A common assumption is that development is good because with longevity comes care for the future. Tim Flannery makes this point in his recent book, Here on Earth: A Natural History of the Planet. He argues that future discounting, the propensity to take what you can get now, even when offered that plus some interest at some point in the future, is more common in the poor, and disenfranchised who have a relatively lesser chance of living to the future and actually getting that interest. Thus, by helping the poor, the sick and those without, we increase the population size of those that should care about taking care of the Earth.
Indeed, what’s called the ‘demographic transition’--where a society goes from high birth and death rates to low birth and death rates—is associated with a suite of development-related traits—education (particularly for women), increased life expectancy, increased financial security, and, the zinger—increased consumerism.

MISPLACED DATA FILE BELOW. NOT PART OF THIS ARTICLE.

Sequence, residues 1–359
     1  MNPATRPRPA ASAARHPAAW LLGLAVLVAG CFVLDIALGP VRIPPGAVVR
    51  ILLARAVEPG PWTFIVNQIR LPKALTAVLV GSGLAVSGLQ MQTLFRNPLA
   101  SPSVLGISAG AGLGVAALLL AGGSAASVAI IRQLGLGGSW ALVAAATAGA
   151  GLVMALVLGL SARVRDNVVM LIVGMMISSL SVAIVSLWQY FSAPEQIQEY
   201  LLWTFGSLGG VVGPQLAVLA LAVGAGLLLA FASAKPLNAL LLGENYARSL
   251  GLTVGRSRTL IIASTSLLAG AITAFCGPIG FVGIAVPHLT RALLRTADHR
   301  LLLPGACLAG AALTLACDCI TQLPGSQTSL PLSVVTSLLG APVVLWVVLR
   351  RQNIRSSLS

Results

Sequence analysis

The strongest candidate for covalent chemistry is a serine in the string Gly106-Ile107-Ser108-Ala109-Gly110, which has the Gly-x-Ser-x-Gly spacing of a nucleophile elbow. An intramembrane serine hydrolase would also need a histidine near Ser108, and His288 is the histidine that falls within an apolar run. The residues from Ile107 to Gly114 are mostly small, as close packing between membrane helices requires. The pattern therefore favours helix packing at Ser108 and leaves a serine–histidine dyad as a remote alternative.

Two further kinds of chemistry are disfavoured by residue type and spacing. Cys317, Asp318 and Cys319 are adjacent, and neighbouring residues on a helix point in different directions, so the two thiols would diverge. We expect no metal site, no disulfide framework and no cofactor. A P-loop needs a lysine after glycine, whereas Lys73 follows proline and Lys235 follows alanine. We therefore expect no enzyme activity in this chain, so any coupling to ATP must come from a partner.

Here’s a hard thought that harkens back to Ehrlich and Holdren’s I = PAT equation: with greater affluence comes greater impact. Thus, do we really think that development will reduce future discounting and increase the likelihood of more people cooperating to solve the Earth’s problems, as Flannery argues, or will those people be more likely to (naturally) consume more and become a greater part of the problem?
A few examples of the latter include China, India, and Brazil: three examples of 'successful' development, but also examples of increasing industrialized societies that as a consequence of development are having a greater, not lesser, impact on Earth.
I’m not arguing against development: I want more people to have greater economic security around the world. But, I do think that it’s naïve to believe that development will necessarily lead to a more cooperative society that will inevitably be more predisposed to solve our environmental problems.
Cooperation must be nurtured with incentives and regulated with punishment. And we have to work hard to cooperate; time may be running out to take control of some scary environmental challenges.
Discussion questions: What do you think? How do we rationalize helping others develop and have a better life (good things!) when this means that their ecological footprint is very likely to increase?